Why funds and technology can't make our roads hold
There is nothing more mystifying than the great Indian road trick. It is amazing how quickly roads are smoothened in the run-up to an election, and how fast the blacktop vanishes with one downpour or two, hurtling trucks passing over. Shivani Singh reports.columns Updated: Mar 18, 2013 00:19 IST
There is nothing more mystifying than the great Indian road trick. It is amazing how quickly roads are smoothened in the run-up to an election, and how fast the blacktop vanishes with one downpour or two, hurtling trucks passing over.
Delhi's roads were last mended for the civic polls exactly a year ago but they already resemble Martian landscapes. Craters - small and large - are most visible on the internal roads, which constitute 29,000 kilometers of the city's 35,000km road network.
With assembly elections due later this year, there is hope that the more visible stretches will be repaired soon. Bijli, sadak, paani, are, after all, key poll issues in every election. But there is no reason these roads should have disintegrated so fast because all the dense carpeting projects come with a five-year warranty. Between PWD and the three civic agencies, Delhi spends more than Rs 3,000 crore (one-fifth of the total budget) on building and repairing roads.
Granted, our roads suffer much more than standard roads are supposed to endure. If Delhi has the most extensive road network in India - 21% of Delhi's geographical area is just motorways - it also has the highest vehicular population. Ten per cent of country's vehicles are registered in Delhi. Then, there are 2,00,000 heavy vehicles, mostly overloaded trucks, which pass through the city in the absence of a bypass.
Against such odds, substandard construction stands little chance. According to a study by IIT-Roorkee two years ago, most roads built by the Municipal Corporation of Delhi (MCD) had potholes and cracks that ran three layers deep. Poor maintenance had hastened deterioration. The study found that Delhi roads were not thick enough and flooding due to lack of drainage had aggravated the situation.
If there is no effective means to ensure quality during the construction process, there is little to hold the contractor accountable if the road gives in prematurely. Before the trifurcation of MCD last year, the civic agency used to blacklist at least 15 contractors every year. But the three corporations together have punished only eight contractors since last April.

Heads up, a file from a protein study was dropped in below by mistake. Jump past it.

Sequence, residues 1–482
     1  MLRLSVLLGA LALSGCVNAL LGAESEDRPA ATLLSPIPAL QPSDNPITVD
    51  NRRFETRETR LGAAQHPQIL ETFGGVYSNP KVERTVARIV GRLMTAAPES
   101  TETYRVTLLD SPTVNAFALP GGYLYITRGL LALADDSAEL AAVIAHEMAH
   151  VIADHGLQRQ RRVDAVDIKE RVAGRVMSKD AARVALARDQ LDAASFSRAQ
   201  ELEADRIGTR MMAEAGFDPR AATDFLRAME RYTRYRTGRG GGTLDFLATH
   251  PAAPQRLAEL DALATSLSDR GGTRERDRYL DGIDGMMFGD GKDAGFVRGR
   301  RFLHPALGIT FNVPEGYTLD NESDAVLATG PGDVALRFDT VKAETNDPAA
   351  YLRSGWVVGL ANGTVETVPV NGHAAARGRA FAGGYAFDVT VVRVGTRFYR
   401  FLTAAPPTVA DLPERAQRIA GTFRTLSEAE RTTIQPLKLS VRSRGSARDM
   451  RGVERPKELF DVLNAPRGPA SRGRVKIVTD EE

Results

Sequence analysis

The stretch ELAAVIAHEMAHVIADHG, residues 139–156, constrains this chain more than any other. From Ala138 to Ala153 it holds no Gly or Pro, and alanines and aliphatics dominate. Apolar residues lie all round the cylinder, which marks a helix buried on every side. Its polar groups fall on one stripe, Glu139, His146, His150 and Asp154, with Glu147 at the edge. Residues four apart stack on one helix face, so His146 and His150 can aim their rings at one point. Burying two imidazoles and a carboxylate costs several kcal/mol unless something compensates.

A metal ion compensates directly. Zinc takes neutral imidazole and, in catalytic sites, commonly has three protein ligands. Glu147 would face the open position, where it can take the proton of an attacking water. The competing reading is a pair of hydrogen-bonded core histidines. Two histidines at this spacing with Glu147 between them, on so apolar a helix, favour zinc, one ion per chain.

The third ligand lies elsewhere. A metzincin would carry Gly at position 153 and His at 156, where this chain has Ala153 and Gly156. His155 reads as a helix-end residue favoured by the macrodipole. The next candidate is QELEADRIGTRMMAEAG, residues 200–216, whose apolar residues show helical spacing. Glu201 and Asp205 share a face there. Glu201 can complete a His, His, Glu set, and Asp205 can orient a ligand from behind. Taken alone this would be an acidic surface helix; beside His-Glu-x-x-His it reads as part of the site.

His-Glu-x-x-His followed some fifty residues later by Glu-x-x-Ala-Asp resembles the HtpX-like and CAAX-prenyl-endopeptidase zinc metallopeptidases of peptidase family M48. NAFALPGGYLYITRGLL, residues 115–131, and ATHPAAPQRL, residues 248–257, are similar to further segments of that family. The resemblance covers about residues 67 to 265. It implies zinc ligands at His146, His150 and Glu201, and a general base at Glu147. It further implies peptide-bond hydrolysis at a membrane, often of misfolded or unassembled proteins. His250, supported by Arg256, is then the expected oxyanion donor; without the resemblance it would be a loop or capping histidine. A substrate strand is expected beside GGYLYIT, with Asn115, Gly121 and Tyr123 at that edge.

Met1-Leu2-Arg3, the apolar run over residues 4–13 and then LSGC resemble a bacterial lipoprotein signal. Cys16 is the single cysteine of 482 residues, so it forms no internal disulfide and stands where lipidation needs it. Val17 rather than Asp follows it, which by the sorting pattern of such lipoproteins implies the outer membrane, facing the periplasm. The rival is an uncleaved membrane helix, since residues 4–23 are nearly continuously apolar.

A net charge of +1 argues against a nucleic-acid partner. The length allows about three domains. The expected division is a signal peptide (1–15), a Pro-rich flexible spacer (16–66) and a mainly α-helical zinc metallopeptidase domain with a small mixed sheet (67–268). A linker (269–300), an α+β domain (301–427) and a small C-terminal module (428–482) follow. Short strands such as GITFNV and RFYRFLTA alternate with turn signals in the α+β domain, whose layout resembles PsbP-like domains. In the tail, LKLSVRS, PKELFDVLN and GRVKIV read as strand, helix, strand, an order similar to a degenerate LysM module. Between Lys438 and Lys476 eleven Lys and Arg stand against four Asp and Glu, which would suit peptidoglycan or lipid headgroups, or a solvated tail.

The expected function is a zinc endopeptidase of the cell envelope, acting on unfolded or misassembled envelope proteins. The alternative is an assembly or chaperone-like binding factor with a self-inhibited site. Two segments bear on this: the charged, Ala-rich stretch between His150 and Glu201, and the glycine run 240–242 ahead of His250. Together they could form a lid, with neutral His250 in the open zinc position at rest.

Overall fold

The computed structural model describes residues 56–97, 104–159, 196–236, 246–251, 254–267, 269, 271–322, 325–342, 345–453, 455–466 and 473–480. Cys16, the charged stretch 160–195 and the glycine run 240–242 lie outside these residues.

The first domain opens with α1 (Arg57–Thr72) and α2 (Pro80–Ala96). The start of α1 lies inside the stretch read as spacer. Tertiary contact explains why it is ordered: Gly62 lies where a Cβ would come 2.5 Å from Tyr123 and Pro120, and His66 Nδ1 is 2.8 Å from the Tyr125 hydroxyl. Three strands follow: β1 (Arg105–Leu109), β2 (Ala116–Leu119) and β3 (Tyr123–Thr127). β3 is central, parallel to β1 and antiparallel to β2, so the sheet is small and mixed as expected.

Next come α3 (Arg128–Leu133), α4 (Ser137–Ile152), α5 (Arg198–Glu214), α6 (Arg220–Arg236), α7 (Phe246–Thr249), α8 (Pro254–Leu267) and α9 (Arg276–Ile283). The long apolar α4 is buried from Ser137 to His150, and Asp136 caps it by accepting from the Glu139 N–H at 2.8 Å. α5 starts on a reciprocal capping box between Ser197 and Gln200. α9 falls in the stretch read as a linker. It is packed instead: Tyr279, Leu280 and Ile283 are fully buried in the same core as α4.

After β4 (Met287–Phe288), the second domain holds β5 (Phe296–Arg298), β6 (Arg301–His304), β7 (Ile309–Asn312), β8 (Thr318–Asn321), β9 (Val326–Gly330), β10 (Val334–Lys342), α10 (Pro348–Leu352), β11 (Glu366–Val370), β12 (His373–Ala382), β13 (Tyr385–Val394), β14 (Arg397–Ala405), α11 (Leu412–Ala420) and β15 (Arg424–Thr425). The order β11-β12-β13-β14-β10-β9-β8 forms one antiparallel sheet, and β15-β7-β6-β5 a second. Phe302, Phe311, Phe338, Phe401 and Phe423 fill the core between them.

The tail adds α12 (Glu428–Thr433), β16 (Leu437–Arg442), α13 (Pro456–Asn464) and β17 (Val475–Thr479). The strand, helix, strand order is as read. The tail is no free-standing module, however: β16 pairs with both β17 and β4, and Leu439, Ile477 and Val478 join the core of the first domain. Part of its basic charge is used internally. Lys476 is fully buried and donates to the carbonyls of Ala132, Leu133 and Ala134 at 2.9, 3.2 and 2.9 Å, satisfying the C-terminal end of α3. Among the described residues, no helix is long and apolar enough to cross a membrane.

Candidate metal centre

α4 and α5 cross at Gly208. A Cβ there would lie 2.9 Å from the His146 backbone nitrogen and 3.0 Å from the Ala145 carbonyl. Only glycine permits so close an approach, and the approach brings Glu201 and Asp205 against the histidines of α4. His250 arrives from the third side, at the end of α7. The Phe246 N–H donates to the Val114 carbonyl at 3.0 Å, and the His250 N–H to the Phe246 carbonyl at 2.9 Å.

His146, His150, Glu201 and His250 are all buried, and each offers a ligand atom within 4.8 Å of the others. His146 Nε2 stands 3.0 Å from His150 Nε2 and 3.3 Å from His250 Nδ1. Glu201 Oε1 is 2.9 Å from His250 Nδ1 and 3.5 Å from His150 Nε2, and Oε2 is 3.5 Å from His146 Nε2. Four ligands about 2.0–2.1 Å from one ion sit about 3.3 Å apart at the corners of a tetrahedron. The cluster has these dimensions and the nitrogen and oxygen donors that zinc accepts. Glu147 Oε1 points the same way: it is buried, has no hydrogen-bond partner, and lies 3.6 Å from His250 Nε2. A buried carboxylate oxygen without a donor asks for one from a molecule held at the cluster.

The maximum penalty for those blacklisted includes forfeiture of the contractor's deposit amount and, in extreme cases, expelling the company from the civic agency or PWD panel. But as officials admit, nothing stops a blacklisted construction company to bid under a new name.
It is not that the government is short of ideas. Its options include concrete roads in areas that are prone to waterlogging or plastic roads that double the durability and last up to six years and cost no more than bitumen roads. In 2004, a pilot project for plastic roads took off in north Delhi. The Rajpur road experiment turned out to be successful and the stretch lasted many years.
But while Tamil Nadu has made a policy shift in favour of plastic roads - chief minister J Jayalaithaa has fixed a target of 1,000-km road in the state and is offering high subsidy to municipalities that build them - the Capital's nine-year-long wait continues.
Given that we have both funds and technology, the only plausible reason for not having smooth, durable roads is that the scenario does not suit political or business interests. If roads don't crumble, politicians lose their election plank and contractors can't make a killing by going through cycles of patchwork in the name of repairing.
Last year, irate residents of Russia's Volgograd created a Walk of Shame, painting a star around every pothole and dedicating each to a specific official in the local administration. Maybe it's time citizens of Delhi found their own way to drive home that they deserve better.